When determining if you qualify for a
mortgage, the lender will look at your financial history
with a magnifying glass.
The lender is concerned with two
1. Your credit report. 2. Your
The credit report details your
payment history on your loans, any bankruptcy filings and other
important financial information. Your credit score tells the lender
what your overall creditworthiness is. In other words, what risk
there is of you defaulting on the loan?
Credit scores are often referred to
as FICO scores. They range from 300 to 900, with most borrowers
falling in the 600 and 700 ranges.
There are many factors that determine
your credit score. Your score is based on:
Past late payments. Delinquencies in
paying your bills will count against you. Studies have shown that
those who make late payments in the past will do so in the future.
The more recent your late payments are, the more they hurt your
score. A 30-day late payment within the last year will hurt your
chances of getting a mortgage with favorable terms.
Length of credit. How long your
credit history is will affect your credit score. The longer you have
had good credit, the better. It establishes a pattern of good
financial management that lenders are looking for.
The use of your credit. If you
max out your credit cards and are close to the limits on most of
your loans, you will be viewed as risky. It is best to have moderate
levels of credit with low balances or no balances on them.
Mixture of credit types. Lenders want
to see that you can handle debt. Someone with a combination of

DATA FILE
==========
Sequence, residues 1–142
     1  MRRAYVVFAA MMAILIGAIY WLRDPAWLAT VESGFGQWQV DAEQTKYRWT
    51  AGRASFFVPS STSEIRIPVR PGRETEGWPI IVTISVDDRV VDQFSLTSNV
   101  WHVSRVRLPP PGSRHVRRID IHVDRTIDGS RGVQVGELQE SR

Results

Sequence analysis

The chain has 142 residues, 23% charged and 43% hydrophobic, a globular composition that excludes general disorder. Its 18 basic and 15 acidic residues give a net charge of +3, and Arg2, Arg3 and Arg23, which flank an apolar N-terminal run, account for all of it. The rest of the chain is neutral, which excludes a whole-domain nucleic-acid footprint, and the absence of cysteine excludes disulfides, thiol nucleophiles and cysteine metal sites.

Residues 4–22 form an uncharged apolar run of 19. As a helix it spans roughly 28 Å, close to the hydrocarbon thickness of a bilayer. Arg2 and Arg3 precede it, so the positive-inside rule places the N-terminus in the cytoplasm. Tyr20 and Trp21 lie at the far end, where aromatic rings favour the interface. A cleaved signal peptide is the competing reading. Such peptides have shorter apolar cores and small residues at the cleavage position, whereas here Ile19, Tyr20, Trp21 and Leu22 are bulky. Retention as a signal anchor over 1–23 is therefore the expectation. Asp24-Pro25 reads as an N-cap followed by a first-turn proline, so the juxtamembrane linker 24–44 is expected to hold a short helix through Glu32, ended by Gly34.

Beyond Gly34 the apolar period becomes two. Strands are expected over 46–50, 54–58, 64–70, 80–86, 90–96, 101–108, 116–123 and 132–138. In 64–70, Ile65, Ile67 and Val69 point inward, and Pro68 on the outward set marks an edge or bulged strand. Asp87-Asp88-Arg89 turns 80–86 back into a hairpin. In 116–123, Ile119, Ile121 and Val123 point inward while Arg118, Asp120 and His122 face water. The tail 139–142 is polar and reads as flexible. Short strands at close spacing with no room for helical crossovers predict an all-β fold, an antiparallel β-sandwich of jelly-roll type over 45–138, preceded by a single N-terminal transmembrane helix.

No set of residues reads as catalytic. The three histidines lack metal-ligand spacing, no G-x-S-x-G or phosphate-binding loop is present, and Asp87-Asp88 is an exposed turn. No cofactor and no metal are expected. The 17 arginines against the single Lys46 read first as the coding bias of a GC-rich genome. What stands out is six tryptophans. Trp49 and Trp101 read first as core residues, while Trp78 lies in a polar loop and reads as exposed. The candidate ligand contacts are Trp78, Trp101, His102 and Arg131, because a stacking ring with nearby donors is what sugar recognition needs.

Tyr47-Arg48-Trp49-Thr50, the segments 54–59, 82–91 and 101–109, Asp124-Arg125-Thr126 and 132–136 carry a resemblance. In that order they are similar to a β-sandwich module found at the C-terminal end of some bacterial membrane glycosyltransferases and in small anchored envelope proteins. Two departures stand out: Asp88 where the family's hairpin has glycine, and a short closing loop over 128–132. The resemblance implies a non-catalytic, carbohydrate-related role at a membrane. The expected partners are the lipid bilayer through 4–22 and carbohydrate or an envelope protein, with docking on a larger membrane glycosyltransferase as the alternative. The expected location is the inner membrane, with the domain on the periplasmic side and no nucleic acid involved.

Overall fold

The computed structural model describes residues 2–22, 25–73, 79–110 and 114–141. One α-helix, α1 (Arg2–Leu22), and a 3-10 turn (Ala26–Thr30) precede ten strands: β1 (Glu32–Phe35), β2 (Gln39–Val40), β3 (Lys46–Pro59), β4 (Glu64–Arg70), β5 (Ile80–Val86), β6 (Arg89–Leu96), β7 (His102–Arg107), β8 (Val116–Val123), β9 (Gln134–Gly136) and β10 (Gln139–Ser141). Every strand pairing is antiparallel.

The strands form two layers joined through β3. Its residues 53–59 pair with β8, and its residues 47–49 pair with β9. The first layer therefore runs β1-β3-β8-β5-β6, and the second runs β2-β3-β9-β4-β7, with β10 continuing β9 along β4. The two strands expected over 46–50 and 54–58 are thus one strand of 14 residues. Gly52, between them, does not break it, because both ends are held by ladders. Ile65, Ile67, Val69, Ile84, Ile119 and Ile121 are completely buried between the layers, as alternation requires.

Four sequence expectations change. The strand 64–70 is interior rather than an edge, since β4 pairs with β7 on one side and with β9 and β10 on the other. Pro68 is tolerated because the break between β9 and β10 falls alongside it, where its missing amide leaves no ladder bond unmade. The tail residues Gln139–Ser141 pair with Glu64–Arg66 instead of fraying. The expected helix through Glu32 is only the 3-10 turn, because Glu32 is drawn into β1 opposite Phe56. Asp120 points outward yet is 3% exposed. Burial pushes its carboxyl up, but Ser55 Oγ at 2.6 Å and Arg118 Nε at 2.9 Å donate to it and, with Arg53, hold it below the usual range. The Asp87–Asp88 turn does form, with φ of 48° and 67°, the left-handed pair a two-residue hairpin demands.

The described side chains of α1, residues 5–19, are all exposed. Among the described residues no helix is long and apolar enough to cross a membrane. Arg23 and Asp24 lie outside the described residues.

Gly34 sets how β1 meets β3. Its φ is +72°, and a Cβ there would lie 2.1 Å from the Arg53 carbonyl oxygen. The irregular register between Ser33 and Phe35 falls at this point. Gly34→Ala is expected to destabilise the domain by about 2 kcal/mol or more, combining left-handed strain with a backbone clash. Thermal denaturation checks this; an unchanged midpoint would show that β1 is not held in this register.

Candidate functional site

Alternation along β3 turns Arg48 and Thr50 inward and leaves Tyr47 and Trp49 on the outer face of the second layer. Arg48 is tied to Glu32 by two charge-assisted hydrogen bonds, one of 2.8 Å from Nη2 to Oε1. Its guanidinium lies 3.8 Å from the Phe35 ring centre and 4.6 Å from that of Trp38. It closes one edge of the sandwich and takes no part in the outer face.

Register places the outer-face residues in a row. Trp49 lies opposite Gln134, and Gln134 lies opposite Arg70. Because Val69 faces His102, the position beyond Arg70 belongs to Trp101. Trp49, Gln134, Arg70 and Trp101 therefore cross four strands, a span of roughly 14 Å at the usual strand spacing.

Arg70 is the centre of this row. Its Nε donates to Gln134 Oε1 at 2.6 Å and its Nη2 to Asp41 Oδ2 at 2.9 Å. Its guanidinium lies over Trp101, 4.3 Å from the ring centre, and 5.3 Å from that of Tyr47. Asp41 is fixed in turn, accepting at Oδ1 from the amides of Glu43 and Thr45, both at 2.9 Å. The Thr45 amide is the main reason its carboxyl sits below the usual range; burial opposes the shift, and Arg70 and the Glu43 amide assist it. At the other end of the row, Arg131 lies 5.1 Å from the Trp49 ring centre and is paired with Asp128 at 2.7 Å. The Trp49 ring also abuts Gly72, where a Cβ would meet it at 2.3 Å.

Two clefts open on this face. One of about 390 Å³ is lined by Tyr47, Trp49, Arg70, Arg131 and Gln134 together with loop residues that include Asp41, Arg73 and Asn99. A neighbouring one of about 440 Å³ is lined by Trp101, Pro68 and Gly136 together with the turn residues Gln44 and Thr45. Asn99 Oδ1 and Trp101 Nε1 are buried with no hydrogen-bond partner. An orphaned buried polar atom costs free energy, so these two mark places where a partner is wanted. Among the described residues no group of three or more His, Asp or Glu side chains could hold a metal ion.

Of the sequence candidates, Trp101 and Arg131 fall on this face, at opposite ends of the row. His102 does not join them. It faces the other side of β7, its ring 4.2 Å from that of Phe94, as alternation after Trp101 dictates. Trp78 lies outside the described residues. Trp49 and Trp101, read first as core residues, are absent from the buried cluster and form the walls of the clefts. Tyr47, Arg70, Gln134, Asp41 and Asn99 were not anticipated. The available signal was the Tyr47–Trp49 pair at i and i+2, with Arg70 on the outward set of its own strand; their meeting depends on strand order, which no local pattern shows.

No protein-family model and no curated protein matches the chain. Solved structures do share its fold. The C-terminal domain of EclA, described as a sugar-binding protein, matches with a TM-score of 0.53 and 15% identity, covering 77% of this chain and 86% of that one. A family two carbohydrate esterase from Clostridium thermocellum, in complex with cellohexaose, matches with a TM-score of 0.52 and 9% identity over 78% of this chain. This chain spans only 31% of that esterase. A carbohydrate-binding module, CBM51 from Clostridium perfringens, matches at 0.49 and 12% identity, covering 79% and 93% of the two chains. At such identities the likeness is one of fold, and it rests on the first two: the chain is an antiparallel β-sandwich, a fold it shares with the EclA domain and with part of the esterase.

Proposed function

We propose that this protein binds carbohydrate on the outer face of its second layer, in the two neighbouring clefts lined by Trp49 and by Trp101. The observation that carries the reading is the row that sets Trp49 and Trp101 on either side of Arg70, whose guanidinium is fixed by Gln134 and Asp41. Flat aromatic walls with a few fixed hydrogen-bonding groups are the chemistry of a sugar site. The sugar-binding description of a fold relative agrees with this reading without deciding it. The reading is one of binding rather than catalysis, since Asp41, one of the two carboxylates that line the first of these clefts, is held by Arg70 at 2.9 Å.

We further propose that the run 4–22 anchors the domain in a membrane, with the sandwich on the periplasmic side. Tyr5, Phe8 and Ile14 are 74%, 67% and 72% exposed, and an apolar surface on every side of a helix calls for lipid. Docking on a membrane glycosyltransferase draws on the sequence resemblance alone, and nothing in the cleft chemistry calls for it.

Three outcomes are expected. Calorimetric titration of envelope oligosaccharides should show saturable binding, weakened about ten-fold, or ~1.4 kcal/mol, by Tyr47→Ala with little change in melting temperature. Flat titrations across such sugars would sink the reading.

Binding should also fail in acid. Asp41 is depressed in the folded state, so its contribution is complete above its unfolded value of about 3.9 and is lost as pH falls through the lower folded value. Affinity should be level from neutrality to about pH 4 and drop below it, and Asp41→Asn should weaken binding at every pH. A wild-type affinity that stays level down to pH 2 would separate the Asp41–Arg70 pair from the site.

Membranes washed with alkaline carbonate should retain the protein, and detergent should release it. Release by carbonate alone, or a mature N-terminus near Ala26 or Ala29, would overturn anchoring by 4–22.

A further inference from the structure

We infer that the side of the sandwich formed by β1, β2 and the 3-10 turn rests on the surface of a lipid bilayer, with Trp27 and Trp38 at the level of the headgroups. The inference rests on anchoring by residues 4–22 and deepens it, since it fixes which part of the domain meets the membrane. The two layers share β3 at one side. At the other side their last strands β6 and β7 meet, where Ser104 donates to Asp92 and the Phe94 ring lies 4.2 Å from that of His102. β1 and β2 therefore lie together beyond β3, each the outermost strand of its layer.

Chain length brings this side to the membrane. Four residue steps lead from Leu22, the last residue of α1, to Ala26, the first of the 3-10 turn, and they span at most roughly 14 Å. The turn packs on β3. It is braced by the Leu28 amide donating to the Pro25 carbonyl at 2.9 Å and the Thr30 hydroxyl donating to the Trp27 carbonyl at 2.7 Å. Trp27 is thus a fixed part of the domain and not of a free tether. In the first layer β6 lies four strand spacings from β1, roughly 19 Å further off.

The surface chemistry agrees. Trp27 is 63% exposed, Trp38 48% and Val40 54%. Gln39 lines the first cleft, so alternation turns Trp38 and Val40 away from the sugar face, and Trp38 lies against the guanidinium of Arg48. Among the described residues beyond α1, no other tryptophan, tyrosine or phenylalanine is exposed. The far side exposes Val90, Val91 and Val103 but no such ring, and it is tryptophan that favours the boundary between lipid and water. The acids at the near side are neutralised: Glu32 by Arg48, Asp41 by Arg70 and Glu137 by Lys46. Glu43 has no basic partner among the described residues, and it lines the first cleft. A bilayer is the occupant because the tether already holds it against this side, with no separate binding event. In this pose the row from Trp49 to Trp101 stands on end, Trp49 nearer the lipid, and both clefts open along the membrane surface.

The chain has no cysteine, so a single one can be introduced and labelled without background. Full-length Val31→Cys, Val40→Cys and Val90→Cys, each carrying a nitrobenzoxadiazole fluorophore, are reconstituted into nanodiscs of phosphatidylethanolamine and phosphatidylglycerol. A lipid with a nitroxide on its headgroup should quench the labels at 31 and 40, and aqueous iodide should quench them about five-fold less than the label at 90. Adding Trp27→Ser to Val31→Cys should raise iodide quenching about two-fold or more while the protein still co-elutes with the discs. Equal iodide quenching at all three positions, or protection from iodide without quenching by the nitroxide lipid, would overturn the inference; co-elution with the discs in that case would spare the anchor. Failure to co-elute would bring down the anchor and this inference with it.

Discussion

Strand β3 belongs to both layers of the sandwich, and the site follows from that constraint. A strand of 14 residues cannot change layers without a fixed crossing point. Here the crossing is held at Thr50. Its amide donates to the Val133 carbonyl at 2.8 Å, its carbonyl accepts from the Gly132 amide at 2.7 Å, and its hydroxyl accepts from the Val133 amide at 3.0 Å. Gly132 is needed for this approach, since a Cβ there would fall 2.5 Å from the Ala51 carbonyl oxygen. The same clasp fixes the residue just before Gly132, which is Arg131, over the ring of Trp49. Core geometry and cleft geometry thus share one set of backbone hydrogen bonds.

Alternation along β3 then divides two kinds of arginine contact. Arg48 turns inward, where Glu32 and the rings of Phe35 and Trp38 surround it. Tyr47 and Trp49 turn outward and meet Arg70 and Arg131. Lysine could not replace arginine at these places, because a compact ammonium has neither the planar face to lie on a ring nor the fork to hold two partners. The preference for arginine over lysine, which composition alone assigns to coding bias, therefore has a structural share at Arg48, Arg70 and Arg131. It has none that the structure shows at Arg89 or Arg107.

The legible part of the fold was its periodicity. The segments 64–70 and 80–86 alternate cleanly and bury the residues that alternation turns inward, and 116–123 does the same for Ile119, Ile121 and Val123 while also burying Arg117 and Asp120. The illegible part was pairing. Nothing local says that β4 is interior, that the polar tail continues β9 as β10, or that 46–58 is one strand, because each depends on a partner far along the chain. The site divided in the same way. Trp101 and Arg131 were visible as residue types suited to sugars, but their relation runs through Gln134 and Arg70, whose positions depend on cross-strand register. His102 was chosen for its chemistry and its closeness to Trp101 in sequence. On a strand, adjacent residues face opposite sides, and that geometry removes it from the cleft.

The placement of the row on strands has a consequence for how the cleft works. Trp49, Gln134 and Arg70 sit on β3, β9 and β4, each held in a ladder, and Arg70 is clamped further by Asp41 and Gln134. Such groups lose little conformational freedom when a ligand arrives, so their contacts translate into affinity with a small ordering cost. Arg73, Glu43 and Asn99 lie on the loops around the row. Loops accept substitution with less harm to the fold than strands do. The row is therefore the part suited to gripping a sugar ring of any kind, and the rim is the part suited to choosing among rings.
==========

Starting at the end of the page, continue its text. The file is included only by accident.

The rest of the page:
revolving and installment debt is less risky than someone with only
one credit card and nothing else.
The higher your credit score, the
less of a risk you are to the lender. A good credit score will help
you qualify for a good mortgage with favorable terms. A poor score
means you will pay higher interest rates and have stricter
Know your credit report
Why should you bother checking your
credit report if the lender is going to check it too?
Four out of five credit reports
contain errors. There's a pretty good chance that your credit report
has a mistake that is negatively affecting your credit and credit
scores. You will want to fix these errors before applying for a
You can obtain free copies of your
credit report from each of the three credit reporting agencies,
Equifax, Experian and Trans Union. Each report will have small
differences and different credit score scales.
Look over the reports for any errors.
If you find a mistake, don't waste any time getting them fixed. If
you see late payments and credit balances that are correct, go ahead
and prepare an explanation for them. The lender will ask you to
explain them. Go through the account numbers to make sure that they
If there are any outstanding bills
that you didn't know about, go ahead and get them resolved. This
sometimes happens when you move and the last bill for a utility
isn't forwarded to your new address.
To keep your credit report in the
upper numbers you simply need to pay all of your bills on time,
every time. Take the time to learn more about your credit score and
how you can improve it. A higher score saves you money by getting
you lower interest rates and insurance premiums.